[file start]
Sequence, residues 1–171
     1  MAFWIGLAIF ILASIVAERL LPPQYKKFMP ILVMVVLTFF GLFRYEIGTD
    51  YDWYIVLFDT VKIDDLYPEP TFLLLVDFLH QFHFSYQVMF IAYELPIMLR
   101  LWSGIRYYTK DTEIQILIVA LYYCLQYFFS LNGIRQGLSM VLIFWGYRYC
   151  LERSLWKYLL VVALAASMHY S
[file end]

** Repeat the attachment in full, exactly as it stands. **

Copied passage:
Sequence, residues 1–171
     1  MAFWIGLAIF ILASIVAERL LPPQYKKFMP ILVMVVLTFF GLFRYEIGTD
    51  YDWYIVLFDT VKIDDLYPEP TFLLLVDFLH QFHFSYQVMF IAYELPIMLR
   101  LWSGIRYYTK DTEIQILIVA LYYCLQYFFS LNGIRQGLSM VLIFWGYRYC
   151  LERSLWKYLL VVALAASMHY S